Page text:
Unlike the title implies, my work does not progress much. It is a bit frustrating. Sometimes I lose faith in all my plans. There are times I want to throw my laptop out of the window. Luckily the windows at the office have bars. So does not work.
In the beginning of the month I feel like going out of the city again. If I can’t be in nature I start to feel anxious and unhappy. So off to nature I go. I find a nice hostel named Chi Bocol, deep in the forest of Semuc Champey. Getting there is a whole adventure on its own, as the place is a 30 minute walk from the road through the hills. Luckily a friendly boy leads me the way, since it starts to get dark. The path is steep and I don’t have a clue where I walk. The boy is going fast, walking on his crocs. He ends up holding my hand, to prevent that I fall. There are certainly times I feel like a stupid white girl. The walk is worth it though. That weekend I do nothing more than swimming in the river, reading my book and socialise with backpackers.
Two weeks later I find myself again in the Semuc Champey area. This time I visit the famous hostel Zephyr Lodge with two of my colleagues. Not for reading but for a big weekend party. The hostel has many local employees and great food. As my social life is non-existent at the moment, times like these are very welcome. A good party is always welcome.
I finally started with working out. The first month I just could not find time and energy. Still had to kick myself in the butt, but it worked. I must say, the people here are insane if it comes to sports. Small people, but strong. And there I am. Panting like an idiot. I am trying to take it easy, but no mercy from the trainer. Cobán is located at 1300 meters above sea level and it is super humid. Totally not used to work out like crazy in these circumstances. I want to believe everything will be so easy for me when I return. The only down side to this regained spirit is that I walk like a penguin now. All the time.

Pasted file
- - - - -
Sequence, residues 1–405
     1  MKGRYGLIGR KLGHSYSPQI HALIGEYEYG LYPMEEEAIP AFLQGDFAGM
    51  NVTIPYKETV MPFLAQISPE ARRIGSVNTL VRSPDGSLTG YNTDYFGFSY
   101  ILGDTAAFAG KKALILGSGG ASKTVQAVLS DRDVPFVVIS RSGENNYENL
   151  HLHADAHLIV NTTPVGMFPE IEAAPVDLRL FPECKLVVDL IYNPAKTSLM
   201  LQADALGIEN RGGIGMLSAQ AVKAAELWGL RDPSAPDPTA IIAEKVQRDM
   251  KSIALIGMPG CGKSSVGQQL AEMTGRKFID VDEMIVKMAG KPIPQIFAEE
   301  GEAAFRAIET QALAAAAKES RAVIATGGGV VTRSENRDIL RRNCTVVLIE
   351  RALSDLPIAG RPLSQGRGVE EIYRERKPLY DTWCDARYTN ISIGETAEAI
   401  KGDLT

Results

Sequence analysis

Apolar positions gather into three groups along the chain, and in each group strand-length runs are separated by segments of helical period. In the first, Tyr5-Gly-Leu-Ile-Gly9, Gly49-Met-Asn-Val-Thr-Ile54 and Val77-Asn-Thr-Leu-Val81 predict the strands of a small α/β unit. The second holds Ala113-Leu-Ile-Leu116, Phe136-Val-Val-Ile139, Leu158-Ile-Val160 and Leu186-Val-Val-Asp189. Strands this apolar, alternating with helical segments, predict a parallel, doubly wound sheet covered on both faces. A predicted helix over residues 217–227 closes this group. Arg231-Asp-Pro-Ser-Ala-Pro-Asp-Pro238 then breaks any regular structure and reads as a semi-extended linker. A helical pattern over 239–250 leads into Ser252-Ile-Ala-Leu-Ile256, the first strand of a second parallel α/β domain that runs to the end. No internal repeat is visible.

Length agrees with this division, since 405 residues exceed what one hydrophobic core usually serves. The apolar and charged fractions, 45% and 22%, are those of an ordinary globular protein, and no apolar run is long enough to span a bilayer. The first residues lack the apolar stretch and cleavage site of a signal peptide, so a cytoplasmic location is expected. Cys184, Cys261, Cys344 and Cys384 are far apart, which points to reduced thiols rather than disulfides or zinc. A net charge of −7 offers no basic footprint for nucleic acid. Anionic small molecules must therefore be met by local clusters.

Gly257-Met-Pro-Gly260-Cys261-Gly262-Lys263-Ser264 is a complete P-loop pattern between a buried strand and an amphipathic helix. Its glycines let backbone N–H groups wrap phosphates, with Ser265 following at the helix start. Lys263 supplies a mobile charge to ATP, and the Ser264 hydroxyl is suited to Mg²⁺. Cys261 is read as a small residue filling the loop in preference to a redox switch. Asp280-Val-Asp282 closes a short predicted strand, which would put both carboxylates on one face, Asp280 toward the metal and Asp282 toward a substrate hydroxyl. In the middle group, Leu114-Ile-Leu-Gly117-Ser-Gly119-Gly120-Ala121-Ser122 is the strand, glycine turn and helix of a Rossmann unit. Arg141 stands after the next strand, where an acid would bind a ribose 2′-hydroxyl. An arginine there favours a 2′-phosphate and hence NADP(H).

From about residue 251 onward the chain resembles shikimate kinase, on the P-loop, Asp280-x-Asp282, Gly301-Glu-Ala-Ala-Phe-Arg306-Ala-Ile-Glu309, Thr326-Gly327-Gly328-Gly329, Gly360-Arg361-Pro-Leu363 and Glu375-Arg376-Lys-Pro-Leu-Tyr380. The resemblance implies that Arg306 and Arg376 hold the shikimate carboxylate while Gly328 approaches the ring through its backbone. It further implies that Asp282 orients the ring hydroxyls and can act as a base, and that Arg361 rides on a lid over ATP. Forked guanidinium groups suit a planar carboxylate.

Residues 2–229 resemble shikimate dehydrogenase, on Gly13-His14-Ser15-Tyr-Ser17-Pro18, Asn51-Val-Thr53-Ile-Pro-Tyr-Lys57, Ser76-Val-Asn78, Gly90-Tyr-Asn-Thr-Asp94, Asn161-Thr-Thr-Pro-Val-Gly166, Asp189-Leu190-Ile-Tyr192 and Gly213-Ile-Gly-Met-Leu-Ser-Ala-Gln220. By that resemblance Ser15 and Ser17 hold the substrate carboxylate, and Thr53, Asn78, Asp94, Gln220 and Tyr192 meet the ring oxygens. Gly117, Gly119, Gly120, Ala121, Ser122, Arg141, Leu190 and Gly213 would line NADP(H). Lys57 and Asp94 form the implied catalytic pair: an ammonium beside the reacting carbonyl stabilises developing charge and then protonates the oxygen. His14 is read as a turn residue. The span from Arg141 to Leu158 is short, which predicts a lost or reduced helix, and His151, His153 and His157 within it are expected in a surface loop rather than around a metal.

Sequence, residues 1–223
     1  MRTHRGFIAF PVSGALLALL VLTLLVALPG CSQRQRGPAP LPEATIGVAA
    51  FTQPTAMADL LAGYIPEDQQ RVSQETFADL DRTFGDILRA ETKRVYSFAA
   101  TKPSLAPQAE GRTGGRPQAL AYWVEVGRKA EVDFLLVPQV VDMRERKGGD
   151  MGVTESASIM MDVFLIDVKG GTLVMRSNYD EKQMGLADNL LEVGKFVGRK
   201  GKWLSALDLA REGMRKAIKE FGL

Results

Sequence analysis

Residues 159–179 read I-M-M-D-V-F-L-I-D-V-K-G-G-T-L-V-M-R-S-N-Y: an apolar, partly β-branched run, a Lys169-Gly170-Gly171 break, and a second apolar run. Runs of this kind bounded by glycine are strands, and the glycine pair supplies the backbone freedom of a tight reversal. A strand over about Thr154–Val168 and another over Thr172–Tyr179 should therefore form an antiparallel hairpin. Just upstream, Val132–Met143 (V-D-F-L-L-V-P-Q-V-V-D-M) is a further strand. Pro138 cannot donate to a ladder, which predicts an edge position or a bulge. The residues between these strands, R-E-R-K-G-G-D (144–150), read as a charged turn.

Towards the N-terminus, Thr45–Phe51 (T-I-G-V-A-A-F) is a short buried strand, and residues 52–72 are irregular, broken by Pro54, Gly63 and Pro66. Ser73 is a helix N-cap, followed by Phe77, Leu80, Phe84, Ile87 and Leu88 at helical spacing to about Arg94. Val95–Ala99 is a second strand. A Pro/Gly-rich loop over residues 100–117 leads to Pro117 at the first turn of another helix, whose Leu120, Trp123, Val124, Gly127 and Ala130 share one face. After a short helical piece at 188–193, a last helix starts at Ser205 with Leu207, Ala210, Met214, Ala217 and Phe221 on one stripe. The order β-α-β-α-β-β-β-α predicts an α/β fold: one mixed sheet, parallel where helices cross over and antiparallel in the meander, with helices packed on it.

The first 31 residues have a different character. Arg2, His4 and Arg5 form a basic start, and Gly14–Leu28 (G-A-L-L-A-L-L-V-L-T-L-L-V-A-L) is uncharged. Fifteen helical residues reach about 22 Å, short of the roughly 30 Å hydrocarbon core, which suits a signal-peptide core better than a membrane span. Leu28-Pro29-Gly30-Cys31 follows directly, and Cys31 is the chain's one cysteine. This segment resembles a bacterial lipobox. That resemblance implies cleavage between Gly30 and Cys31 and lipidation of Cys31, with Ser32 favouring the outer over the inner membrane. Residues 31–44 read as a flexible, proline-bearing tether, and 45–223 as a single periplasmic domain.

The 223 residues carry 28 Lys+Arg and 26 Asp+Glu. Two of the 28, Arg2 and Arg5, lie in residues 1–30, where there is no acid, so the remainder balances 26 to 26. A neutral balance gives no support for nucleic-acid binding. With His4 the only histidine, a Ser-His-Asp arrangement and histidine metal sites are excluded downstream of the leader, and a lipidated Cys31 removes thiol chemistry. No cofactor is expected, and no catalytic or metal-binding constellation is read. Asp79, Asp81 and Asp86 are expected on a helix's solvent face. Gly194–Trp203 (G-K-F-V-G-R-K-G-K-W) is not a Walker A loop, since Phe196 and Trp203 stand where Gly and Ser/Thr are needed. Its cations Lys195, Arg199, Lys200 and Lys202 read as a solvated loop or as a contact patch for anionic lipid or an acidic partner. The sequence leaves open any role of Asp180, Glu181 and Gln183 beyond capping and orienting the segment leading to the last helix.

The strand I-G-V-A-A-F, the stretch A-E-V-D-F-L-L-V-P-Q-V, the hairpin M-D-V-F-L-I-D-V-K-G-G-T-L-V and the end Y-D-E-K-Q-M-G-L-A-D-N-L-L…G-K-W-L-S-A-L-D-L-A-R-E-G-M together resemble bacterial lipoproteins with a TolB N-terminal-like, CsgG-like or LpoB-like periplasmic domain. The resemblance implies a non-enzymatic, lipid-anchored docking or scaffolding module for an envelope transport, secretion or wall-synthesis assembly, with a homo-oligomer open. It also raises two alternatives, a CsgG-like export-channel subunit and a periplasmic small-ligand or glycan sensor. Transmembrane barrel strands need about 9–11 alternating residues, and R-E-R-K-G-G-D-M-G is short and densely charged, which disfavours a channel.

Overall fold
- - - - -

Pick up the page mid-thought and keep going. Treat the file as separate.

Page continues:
Half May one of the biggest events in Cobán takes place. From all over the world runners have come to the town for the half marathon. It creates a new atmosphere in this normally quite sleepy place. I am waiting for three hours to cheer for my colleague, who runs the half marathon together with her husband (for the fifth time in a row). Thousands of people pass by, but I don’t see her nor her husband. After three hours have passed I start to wonder where she is, when I suddenly here my name behind me. Guess who already finished! I only had one task. I failed.
The majority of the people living in Alta Verapaz, the area I live, is Indigenous Mayan. So being here without learning more about the culture and experiencing the culture is not done. One Thursday I am invited to a full-night ceremony. It is a celebration of the old into the new year and the ‘inauguration’ of Mayan healers. I am warmly welcomed with hot chocolate (water, lots of sugar and cacao) and a Tamale (link to this dish) by my pal from a local restaurant. In the Mayan culture there are 20 signs which are connected to 13 levels of energies. During the ceremony every sign is mentioned and all 13 energies are addresses. After each sign we throw a candle in the fire as a sacrifice. When my own sign is named, I throw 2 candles. People are praying out loud, speaking the local Mayan language Kek’chi, handing out seeds as extra gifts. There is Marimba music, and we dance around the fire.
Before the second ceremony starts, a healer blesses everyone by placing a grey stone on our hands, feet and head. Wishing us good fortune for the next year. After a short break it is time to inaugurate the new healers. All three say their prayers and promises and a whole lot of things are done which I do not follow or understand. Then for each person a chicken is killed and beheaded. The blood is poured over the legs, the arms and the face of each new healer. I must admit, I think this is all quite intense. The rest of the night we do the whole ceremony over again, starting with a different day sign. 20 signs each, 13 energies, 21 candles in the fire, clockwise dancing, liquor spitting, Marimba music on the background. At 5:00 in the morning, when the sun rises, it is time to go home. What an experience.
To learn about your own Mayan sign: www.mymayansign.com